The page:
Waste fee hike eyed in Currituck
By William F. West
Friday, June 8, 2018
CURRITUCK — Currituck County property owners wouldn’t pay any more in property taxes if next year’s proposed $50.1 million county budget is approved. They would, however, pay between $20 and $36 more a year, depending on where they live, to help offset the county’s rising solid waste disposal costs.
Property owners in Corolla also would see their tax rate go up by 5 cents per $100 of valuation to fund the Outer Banks community’s new fire protection district.
If the proposed budget for 2018-19 is approved, each of Currituck County’s 420 employees would receive a 2-percent cost-of-living pay raise.
The budget also includes funding for eight new positions: four Currituck-Fire EMS personnel for Knotts Island; two deputies for the Currituck Sheriff’s Office; a career and technical education coordinator for the Currituck County Schools; and an additional county building code inspector.
The proposed budget outlined by County Manager Dan Scanlon earlier this week, while holding the line on the property tax rate at 48 cents, includes increased funding for both public education and public safety.
The Currituck County Schools would receive $11.9 million for operations, a $928,000 increase from the current year’s budget. The schools would also receive $1.4 million for capital outlay, $400,000 more than the current year.
Currituck Fire-EMS also would receive an increase in the county budget. The agency would receive nearly $5.1 million, an increase of more than $694,000 from the current year. The Currituck Sheriff’s Office would receive nearly $7.3 million. The Currituck Detention Center would receive $2.4 million, an increase of more than $156,000 from the current year. The additional jail funding will pay for facility and security upgrades.
Other major expenses in next year’s proposed budget include $3.6 million for the Currituck Department of Social Services and $2.7 million for the county volunteer fire departments.
Fifty-six percent of the proposed budget’s expenses — nearly $29.6 million — will be paid for with revenue from property tax revenues, Scanlon said. Other key revenue sources for the budget include $8.4 million in sales taxes, nearly $3.7 million in occupancy tax revenues, nearly $1.7 million from the state for administration of social services, and $950,000 from EMS transport fees.
Scanlon is also proposing the county spend $3.7 million from fund balance in next year’s budget.
He noted the proposed budget includes a final payment of more than $971,000 on College of The Albemarle's Aviation and Technical Training Center in Barco. Scanlon said that amount will be paid from sales tax revenues.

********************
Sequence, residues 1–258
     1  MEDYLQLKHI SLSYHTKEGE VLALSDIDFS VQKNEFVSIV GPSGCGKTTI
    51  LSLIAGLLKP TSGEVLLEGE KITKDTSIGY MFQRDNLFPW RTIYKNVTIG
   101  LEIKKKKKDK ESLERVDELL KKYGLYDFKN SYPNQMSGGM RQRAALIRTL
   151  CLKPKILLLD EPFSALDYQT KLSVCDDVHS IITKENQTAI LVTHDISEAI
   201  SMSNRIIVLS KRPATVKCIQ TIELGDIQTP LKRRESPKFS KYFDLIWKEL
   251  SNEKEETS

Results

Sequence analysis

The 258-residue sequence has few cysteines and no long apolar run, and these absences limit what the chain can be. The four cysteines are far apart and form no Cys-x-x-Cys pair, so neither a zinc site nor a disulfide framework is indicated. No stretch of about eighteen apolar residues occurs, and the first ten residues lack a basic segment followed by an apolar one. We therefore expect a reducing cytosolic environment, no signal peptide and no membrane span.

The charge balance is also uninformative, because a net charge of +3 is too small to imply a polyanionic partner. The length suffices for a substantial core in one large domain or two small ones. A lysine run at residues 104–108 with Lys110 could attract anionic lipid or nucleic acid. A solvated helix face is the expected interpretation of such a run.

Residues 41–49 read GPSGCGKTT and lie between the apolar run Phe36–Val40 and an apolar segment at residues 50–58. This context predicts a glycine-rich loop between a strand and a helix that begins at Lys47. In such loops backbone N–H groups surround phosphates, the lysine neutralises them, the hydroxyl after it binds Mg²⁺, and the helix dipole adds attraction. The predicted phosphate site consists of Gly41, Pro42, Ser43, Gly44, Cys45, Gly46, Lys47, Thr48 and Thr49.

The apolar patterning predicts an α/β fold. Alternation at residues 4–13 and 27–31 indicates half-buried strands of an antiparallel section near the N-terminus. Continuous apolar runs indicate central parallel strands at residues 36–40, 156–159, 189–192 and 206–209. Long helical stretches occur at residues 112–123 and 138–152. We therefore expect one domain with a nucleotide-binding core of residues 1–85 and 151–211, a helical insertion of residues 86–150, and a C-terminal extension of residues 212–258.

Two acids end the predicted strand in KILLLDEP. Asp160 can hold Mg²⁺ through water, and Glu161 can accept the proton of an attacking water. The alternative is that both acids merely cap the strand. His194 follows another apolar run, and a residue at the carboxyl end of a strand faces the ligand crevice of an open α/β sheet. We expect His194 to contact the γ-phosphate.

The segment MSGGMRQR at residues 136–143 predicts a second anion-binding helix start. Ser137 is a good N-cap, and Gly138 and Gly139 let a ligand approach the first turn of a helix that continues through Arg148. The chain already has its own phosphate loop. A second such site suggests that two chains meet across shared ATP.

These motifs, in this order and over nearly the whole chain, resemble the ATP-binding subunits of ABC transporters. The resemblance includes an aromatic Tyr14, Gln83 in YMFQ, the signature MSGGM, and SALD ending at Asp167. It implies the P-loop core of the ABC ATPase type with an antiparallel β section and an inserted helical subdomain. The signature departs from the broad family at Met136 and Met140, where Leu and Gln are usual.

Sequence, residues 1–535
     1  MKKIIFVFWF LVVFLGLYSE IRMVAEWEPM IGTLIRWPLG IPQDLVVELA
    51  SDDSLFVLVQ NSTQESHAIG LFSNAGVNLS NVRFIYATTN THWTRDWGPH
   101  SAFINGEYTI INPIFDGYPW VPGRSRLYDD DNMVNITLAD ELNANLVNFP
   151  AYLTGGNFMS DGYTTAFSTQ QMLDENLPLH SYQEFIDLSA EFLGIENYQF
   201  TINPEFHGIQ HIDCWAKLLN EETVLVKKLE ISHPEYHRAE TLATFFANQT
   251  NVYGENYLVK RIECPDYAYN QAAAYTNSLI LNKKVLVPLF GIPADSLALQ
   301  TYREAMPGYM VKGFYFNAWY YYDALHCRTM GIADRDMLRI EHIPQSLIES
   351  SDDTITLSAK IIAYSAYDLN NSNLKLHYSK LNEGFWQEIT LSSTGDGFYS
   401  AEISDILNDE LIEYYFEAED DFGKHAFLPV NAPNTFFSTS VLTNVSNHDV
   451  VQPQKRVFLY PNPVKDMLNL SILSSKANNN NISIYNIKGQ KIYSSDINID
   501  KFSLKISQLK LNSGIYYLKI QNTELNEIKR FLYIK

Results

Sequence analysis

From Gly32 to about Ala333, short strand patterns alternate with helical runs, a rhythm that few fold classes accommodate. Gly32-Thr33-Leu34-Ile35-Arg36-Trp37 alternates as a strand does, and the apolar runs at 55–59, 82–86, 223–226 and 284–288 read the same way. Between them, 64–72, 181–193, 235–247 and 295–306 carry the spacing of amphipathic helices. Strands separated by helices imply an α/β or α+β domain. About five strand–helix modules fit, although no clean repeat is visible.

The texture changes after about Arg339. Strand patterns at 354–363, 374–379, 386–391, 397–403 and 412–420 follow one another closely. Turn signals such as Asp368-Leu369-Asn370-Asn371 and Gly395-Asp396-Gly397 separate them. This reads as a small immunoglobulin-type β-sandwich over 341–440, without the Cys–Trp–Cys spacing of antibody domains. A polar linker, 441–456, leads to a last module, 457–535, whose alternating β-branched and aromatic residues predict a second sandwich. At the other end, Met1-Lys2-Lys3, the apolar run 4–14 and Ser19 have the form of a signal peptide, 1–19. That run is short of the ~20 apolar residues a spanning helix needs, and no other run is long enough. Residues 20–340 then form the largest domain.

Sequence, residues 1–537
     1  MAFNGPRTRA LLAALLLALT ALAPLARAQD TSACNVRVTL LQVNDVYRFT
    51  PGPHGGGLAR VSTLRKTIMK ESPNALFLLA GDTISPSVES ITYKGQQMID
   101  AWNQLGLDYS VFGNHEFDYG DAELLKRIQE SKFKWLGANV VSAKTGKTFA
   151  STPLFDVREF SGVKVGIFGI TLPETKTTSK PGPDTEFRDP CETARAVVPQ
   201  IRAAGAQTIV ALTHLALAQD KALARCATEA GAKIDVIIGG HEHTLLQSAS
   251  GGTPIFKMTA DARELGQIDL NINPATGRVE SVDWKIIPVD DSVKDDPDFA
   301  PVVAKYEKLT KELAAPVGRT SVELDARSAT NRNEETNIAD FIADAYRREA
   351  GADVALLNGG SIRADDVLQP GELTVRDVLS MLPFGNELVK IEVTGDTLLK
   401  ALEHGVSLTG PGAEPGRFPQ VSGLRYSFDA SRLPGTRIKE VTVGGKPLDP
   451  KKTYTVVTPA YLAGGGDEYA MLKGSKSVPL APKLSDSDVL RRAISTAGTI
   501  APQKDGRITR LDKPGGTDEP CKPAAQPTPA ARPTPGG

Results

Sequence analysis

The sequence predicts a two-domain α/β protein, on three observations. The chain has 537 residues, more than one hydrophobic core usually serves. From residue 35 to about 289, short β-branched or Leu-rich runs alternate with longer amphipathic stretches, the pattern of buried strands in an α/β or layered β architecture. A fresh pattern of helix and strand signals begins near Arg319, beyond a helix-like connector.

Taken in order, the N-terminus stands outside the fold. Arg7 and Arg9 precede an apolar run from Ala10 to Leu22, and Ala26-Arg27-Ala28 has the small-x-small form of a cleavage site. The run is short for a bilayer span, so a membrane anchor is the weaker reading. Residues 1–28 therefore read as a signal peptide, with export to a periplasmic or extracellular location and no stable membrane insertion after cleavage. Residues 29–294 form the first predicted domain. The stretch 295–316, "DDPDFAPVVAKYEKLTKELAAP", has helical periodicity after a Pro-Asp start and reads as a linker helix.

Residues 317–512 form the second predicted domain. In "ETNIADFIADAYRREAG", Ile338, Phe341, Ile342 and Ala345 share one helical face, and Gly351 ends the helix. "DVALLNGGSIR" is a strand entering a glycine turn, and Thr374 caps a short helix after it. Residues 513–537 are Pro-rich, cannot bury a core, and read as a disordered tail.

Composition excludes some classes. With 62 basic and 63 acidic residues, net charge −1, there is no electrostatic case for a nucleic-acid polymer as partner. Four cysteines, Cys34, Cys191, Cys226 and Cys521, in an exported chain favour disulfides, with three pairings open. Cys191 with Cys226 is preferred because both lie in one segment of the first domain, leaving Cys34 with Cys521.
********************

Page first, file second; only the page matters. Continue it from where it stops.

While most county taxpayers won’t see a tax increase, those who live outside Corolla would pay $36 more a year to support the county’s solid waste drop-off sites, better known as convenience centers. Corolla property owners, meanwhile, would pay $20 more a year for curbside garbage pickup in their neighborhoods.
The county’s solid waste disposal fee would climb from $114 to $150 a year, while the curbside pickup fee for Corolla property owners would rise from $250 to $270 a year.
Scanlon cited the county’s rising costs of disposing solid waste as the reason for the proposed fee increases. The state no longer allows certain materials to be disposed of in landfills. Also, while Currituck benefited from a robust recycling market for a number of years, that doesn't exist anymore, meaning materials are becoming increasingly expensive to dispose of.
Scanlon noted the last time the fees were raised was in 2011.
Scanlon also said the budget includes an additional 5-cent tax for Corolla property owners for fire protection. Commissioners approved the creation last month of a new fire district in Corolla to provide enhanced fire protection in the Outer Banks community.
Discussing the budget for the county schools, Scanlon said the Currituck Board of Education, had asked for and received nearly $65,000 to support a career and technical education coordinator — a new position.
Scanlon also noted the county has been providing the school district with at least $1 million for capital outlay every year. But thanks to growth in sales tax revenue, the county was able to increase that amount in next year’s budget to $1.4 million.
Of the $1.4 million, $532,000 will go for new technology, including $140,000 for Chromebooks for rising sixth-graders, and $100,000 for replacement desktop computers.
Discussing the personnel additions, Scanlon said the four Currituck Fire-EMS personnel are needed on Knotts Island to continue fire protection services in the remote community. Currituck Fire-EMS deployed four paid firefighters-emergency medical services personnel to the Knotts Island Fire Station in early November after the community’s volunteer fire chief suspended the department’s operations because of a contract impasse with the county.
Scanlon said the additional building code enforcement officer is needed because of a change to North Carolina law that’s made inspections and enforcement more time-sensitive.
Commissioners are set to vote on Scanlon’s proposed budget on June 18. The county’s 2018-19 budget must be in place by the start of July.
The proposed budget is open to citizen inspection at Scanlon's office on the second floor of the Historic Currituck Courthouse, as well as online at http://co.currituck.nc.us/finance-budget/.